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Spin/Charge interconversion and pure spincurrents
Recent developments in spintronics aim at getting rid of sources of dissipation by manipulating pure spin currents without their charge counterpart. One convenient way of achieving pure spincurrent generation consists in using the spin-orbit coupling interaction via the spin Hall effect in a non magnetic heavy metal like Pt. It has been shown that these pure spin currents could induce magnetization dynamics by generating spin-orbit torques. In our group, a substantial effort is focused on hybrid structures based on YIG, the magnetic insulator with the lowest dynamic damping. Using MRFM, a direct evidence that the ferromagnetic resonance linewidth in a YIG/Pt micro-disk varies with the dc current injected in the Pt layer is provided [1]. The complete compensation of damping, leading to auto-oscillation, can only be achieved in YIG/Pt microstructures. Indeed, the key points to observe such a behavior are both to reduce the thickness of the YIG layer by keeping its high dynamical quality in order to lower the threshold current, and to laterally confine the system to a few microns in order to limit the mode competition. This is confirmed by the direct electrical detection of auto-oscillations in  samples of micron sized diameters [2]. These results imply that careful engineering of the spin-wave mode spectrum is required to optimize magnonic devices making use of spin-orbit effects. Besides spin Hall effects in YIG/Pt bilayers, another spin-to-charge conversion called inverse Rashba-Edelstein effect is also being studied. It stems from the spin/charge properties of Rashba split interfaces states as can be found in Bi/Ag [3] and  LaAlO3 /SrTiO3 bilayers. 
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Antiferromagnetic spintronics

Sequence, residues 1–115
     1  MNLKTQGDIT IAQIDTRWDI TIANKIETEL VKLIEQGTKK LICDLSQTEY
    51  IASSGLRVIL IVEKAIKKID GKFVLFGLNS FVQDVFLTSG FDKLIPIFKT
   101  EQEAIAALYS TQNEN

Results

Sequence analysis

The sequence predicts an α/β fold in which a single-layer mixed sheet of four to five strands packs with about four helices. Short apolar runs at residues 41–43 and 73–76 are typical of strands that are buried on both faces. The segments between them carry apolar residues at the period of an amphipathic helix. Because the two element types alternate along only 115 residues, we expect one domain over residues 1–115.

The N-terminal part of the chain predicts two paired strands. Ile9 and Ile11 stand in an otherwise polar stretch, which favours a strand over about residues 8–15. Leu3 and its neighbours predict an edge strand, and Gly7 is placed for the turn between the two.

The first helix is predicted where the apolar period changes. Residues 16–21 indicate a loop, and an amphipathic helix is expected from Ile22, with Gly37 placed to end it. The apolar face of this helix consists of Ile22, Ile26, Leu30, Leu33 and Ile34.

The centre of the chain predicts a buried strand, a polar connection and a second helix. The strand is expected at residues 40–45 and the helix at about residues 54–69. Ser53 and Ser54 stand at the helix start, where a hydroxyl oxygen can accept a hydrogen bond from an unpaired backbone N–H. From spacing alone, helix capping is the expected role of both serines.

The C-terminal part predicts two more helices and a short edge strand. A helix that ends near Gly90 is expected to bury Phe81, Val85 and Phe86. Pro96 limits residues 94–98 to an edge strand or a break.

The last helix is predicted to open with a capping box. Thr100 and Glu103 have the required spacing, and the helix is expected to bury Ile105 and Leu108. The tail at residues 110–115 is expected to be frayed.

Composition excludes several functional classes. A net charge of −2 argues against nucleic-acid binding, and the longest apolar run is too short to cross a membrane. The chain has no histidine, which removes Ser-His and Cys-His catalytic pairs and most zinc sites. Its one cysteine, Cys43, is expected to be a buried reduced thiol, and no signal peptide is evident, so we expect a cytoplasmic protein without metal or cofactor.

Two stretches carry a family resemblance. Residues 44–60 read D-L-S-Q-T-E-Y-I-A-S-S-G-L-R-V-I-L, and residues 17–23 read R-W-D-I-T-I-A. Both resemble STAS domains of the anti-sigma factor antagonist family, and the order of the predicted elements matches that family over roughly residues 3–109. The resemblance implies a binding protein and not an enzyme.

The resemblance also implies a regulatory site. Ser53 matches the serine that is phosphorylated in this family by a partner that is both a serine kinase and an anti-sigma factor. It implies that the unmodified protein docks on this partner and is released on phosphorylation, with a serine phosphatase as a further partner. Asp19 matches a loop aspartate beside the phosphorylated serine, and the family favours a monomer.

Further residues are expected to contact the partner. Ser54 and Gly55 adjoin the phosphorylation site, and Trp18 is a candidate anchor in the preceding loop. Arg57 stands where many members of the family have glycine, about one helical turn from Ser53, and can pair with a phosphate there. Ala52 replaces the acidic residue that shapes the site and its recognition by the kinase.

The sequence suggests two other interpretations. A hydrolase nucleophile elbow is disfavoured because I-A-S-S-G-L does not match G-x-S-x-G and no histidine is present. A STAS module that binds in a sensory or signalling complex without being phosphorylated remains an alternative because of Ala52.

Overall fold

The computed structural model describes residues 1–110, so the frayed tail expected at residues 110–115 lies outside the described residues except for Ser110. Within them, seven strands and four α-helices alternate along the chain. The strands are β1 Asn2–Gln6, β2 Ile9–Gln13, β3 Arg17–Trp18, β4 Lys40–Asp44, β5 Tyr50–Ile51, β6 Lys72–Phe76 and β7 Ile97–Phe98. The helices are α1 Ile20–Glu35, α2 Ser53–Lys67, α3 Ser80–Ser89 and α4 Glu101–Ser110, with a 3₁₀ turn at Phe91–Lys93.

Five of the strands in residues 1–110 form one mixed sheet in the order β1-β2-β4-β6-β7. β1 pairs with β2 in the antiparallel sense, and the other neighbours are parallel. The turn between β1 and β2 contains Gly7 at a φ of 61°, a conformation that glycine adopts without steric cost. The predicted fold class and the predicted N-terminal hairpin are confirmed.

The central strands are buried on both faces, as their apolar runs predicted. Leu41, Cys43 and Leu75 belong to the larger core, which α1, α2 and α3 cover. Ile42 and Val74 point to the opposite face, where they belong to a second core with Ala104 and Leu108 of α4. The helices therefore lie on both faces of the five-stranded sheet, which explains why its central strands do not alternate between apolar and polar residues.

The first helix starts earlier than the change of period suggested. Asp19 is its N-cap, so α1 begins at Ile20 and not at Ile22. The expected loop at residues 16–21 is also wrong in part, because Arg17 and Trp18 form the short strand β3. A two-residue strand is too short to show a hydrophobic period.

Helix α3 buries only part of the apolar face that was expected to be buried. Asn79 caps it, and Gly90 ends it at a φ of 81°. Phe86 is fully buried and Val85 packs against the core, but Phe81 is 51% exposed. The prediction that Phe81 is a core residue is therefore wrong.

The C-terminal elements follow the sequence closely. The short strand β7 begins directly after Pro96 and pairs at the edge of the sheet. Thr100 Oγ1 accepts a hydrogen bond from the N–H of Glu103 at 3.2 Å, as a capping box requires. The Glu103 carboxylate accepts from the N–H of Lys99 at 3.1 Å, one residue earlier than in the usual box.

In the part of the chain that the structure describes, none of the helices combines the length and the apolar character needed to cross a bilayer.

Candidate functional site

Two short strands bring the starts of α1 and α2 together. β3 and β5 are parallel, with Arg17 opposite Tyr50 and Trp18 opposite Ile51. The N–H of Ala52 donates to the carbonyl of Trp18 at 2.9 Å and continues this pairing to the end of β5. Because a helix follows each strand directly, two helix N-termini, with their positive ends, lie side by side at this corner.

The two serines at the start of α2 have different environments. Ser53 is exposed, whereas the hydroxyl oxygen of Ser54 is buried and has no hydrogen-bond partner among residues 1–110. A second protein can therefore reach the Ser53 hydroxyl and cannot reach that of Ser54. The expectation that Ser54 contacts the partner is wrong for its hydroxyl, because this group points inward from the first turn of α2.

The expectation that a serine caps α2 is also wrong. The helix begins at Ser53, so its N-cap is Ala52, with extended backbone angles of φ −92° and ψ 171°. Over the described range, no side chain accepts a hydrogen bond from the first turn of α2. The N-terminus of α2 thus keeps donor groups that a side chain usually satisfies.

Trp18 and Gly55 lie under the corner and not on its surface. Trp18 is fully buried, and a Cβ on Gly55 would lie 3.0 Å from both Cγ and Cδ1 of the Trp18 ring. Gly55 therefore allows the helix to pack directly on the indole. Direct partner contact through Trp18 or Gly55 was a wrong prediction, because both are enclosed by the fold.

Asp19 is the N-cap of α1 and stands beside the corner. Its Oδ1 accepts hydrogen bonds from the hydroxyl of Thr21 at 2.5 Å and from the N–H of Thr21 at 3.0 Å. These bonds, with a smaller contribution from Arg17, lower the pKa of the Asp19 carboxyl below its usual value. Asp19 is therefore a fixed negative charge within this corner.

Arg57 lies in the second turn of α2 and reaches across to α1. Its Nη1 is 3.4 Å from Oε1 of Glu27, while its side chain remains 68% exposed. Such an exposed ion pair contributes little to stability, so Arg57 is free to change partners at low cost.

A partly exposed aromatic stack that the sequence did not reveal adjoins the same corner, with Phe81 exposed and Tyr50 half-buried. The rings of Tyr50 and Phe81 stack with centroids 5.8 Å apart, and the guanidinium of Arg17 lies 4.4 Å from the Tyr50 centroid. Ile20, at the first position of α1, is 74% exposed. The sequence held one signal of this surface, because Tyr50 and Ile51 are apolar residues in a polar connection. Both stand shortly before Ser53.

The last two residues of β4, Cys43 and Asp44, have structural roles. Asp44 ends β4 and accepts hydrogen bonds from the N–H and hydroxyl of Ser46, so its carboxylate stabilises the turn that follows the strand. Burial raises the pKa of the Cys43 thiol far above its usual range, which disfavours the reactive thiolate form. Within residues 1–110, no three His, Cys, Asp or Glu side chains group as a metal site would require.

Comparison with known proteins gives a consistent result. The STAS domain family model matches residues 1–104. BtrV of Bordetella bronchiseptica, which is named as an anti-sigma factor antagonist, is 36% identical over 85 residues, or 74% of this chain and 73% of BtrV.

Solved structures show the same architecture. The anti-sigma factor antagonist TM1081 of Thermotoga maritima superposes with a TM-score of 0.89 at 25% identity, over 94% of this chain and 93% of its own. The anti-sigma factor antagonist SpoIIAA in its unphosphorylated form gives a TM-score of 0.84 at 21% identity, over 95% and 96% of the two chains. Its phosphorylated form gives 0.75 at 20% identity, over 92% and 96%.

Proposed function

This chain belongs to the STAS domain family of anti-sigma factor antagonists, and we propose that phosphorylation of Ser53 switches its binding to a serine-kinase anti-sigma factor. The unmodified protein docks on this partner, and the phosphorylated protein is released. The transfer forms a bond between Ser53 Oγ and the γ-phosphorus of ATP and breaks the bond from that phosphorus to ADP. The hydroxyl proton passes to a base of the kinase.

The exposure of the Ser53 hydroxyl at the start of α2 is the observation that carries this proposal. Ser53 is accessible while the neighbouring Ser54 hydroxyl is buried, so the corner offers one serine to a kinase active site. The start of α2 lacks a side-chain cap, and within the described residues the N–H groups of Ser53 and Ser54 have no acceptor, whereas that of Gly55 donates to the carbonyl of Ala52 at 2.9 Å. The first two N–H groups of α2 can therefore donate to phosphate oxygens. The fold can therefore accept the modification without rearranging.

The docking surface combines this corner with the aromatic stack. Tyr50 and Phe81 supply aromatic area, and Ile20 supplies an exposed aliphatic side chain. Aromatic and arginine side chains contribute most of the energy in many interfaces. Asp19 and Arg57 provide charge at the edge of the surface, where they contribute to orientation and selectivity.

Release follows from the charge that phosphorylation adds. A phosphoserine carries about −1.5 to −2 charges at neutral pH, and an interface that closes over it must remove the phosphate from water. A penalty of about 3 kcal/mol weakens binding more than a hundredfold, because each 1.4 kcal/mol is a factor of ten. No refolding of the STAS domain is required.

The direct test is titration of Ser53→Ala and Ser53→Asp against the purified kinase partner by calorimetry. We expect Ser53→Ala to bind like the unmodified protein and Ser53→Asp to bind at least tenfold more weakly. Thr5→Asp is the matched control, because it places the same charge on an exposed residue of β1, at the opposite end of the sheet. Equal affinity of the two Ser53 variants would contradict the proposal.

Antiferromagnets (AF) have several key potential advantages compared to ferromagnets including insensitivity to external perturbations like electromagnetic fields, reduced mutual interaction with their neighbouring domains as well as ultrafast capabilities in the terahertz range. For these reasons, AF are currently envisioned as a promising playground for future ultrafast spintronics devices. However, because of their  it is very hard to control the antiferromagnetic order. In the last years, we have worked on the two fronts of spin conduction in insulators and antiferromagnetic imaging. The former started a few years ago with our first demonstration that insulating antiferromagnets are spin conductors [1]. This is an important conceptual discovery as we realized that a spin current can flow without conduction electrons. We proposed that the conducting entities are spin excitations in the form of intrinsically spin charged antiferromagnetic waves, or antiferromagnons. On the other hand, it has now become  essential to visualize the AF domains and domain walls. For this reason, we have developped a non-linear optical microscope based on second harmonic generation (SHG) which can uniquely access the AF order [2]. We have also chosen to study insulating antiferromagnets because of their superior dynamical properties and high quality AF oxides are epitaxially grown in the LNO using PLD and MBE in the LNO.